this day in crime history: december 9, 1935

walter-liggett

On this date in 1935, newspaperman Walter Liggett was murdered in an alley behind his home in Minneapolis. Liggett, editor and founder of a weekly newspaper called The Midwest American, published stories that exposed the links between government officials and organized crime. Liggett persisted, even after multiple warnings that included an assault and a trumped-up prosecution for a rape that never happened. On December 9th, Liggett’s enemies took action to silence him once and for all: they shot and killed him as he returned home from a shopping trip that evening. Liggett’s wife and 10 year old daughter witnessed the shooting. Mob boss Isadore “Kid Cann” Blumenfeld and one of his associates were identified as the shooters, but a (possibly intentionally) sloppy prosecution prevented their conviction.

Further reading:

“Hunt Gang in Slaying of Crusading Editor”Brooklyn Daily Eagle, December 10, 1935

Stopping The Presses: The Murder Of Walter W. Liggett, by Marda Liggett Woodbury

Wikipedia – Walter Liggett

Wikipedia – Kid Cann

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this day in crime history: december 8, 1980

loozer

On this date in 1980, former Beatle John Lennon was shot and killed outside his apartment building in New York City by a pathetic loser named Mark David Chapman. Chapman was arrested and charged with second degree murder. He pleaded guilty and was sentenced to twenty years to life in prison. He first came up for parole in 2000. His parole was denied. He has been denied at every subsequent parole hearing. He is eligible again in August 2018.

Further reading:

Crime Museum – The Murder of John Lennon

Wikipedia – Murder of John Lennon

this day in crime history: december 4, 1875

On this date in 1875, William “Boss” Tweed, former head of the Democratic machine in New York City, escaped from jail and fled to Cuba. Tweed was facing hard time for his role in fleecing New York taxpayers of millions of dollars (some estimates run as high as $200 million). Almost captured in Cuba, Tweed moved on to Spain. He was arrested there in 1876 by a police officer who reportedly recognized him from a political cartoon by Thomas Nast. He was returned to the United States by Spanish authorities. He died of pneumonia in the Ludlow Street Jail in 1878.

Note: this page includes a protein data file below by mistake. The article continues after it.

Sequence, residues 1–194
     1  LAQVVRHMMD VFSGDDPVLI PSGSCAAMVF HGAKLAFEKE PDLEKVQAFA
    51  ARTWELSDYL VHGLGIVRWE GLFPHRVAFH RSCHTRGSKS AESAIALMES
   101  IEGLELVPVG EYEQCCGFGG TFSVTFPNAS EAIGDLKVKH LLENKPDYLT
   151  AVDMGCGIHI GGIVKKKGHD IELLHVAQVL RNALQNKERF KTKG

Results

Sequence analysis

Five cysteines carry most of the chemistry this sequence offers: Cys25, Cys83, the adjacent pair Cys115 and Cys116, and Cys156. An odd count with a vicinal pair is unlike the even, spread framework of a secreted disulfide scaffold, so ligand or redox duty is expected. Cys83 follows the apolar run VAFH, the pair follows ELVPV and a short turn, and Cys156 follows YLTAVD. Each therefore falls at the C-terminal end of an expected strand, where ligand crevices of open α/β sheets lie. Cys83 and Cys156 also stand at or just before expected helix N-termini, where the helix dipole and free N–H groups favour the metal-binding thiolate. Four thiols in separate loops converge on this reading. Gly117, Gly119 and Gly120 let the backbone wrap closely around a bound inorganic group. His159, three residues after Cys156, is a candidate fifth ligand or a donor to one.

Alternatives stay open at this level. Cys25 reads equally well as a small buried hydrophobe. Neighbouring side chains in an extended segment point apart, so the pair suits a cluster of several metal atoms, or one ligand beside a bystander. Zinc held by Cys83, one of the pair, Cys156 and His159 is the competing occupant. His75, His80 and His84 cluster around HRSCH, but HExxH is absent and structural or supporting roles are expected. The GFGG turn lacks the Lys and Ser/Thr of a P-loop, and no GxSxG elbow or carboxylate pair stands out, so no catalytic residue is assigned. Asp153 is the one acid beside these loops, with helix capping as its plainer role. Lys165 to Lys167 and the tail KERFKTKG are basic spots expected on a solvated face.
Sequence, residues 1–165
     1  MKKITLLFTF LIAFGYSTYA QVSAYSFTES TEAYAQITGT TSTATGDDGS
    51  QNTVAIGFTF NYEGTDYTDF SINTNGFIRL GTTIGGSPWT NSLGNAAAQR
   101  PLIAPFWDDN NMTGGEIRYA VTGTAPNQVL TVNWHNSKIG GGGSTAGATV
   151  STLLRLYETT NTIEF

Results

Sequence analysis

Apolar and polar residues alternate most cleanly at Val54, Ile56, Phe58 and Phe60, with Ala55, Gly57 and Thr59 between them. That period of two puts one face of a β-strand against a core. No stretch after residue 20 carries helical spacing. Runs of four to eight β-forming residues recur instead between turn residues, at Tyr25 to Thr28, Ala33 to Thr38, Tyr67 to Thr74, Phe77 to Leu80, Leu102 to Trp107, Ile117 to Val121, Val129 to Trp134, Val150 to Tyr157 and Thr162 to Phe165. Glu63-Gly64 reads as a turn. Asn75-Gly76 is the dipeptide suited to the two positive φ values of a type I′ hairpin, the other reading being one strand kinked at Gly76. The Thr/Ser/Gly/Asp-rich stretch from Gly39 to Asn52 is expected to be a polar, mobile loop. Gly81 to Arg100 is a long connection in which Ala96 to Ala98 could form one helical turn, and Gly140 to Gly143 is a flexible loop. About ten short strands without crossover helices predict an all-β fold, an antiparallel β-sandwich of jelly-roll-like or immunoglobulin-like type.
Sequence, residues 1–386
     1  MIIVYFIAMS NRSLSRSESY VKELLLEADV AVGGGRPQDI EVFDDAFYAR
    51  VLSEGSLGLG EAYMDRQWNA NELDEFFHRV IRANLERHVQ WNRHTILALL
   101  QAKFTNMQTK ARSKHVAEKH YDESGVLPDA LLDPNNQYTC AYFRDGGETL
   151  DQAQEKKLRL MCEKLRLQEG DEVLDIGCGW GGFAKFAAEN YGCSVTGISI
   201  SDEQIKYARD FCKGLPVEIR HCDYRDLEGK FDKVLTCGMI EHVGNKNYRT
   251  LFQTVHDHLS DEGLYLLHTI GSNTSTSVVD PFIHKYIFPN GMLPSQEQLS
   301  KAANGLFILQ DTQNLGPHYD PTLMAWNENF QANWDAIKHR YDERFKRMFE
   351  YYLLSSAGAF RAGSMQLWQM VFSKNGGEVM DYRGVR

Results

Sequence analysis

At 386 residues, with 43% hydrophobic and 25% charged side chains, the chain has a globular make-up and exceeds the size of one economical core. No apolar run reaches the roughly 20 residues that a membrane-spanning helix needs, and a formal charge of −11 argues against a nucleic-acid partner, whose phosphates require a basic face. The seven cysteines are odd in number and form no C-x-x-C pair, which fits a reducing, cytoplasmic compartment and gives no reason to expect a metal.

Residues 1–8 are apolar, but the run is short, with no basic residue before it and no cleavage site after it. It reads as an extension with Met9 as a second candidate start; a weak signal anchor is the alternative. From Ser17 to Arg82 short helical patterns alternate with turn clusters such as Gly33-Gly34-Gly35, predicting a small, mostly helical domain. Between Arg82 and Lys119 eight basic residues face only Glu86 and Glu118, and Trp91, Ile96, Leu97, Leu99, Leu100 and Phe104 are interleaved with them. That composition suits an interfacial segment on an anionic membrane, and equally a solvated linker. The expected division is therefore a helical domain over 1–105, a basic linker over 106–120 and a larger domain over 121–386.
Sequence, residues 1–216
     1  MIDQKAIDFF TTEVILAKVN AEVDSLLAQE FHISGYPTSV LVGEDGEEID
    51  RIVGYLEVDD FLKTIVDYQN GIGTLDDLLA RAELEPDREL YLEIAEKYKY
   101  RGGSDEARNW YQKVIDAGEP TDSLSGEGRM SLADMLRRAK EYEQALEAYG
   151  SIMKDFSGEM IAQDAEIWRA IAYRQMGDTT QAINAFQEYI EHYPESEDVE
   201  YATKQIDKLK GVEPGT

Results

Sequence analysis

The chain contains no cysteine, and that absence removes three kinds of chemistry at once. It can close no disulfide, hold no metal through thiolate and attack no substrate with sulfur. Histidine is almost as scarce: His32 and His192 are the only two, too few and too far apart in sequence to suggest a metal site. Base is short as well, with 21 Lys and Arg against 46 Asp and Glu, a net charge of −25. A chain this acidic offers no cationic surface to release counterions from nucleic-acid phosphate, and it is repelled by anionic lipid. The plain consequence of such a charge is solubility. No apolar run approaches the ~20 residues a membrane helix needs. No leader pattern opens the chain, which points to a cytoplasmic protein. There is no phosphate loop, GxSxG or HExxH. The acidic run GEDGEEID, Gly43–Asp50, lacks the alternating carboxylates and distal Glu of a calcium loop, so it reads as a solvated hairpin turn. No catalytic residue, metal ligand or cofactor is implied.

Further reading:

Wikipedia – William M. Tweed

Biography.com – Boss Tweed

Friday Movie Quote from 1/1/10

this day in crime history: december 2, 1993

On this date in 1993, Medellin Cartel boss Pablo Escobar was shot and killed by Colombian police. Escobar, who had been doing less-than-hard time in a luxury prison, busted out when he found out he was being moved to a prison without a hot tub. I guess having enemies brought to the prison so he could torture and murder them was more than the Colombian government was willing to tolerate. Wonders never cease. After Pablo went on the run, the Colombian police formed a special unit called the Search Bloc. The Search Bloc was tasked with only one mission: get Pablo. Which they did. With a little help from US military and intel types.


Further reading:

Wikipedia – Pablo Escobar

Killing Pablo, by Mark Bowden

this day in crime history: november 29, 1933


On this date in 1933, the bound and mutilated body of outlaw Verne Miller was found just outside Detroit, MI. Miller, the chief suspect in the Kansas City Massacre, was a decorated World War I veteran and former lawman. After a short stint as sheriff of Beadle County, SD, Miller turned to a life of crime. He started out in bootlegging, then moved on to robbery. Eventually he wound up as a trigger man for organized crime. The list of people with motives to kill him was long, but Miller’s murder was never solved.

Further reading:

Wikipedia: Vernon C. Miller

FBI Famous Cases – Kansas City Massacre /”Pretty Boy” Floyd

Vern Miller—Sheriff, Moonshiner, Hit-man

Lawman to Outlaw: Verne Miller and the Kansas City Massacre, by Brad Smith

Public Enemies: America’s Greatest Crime Wave and the Birth of the FBI, 1933-34, by Bryan Burrough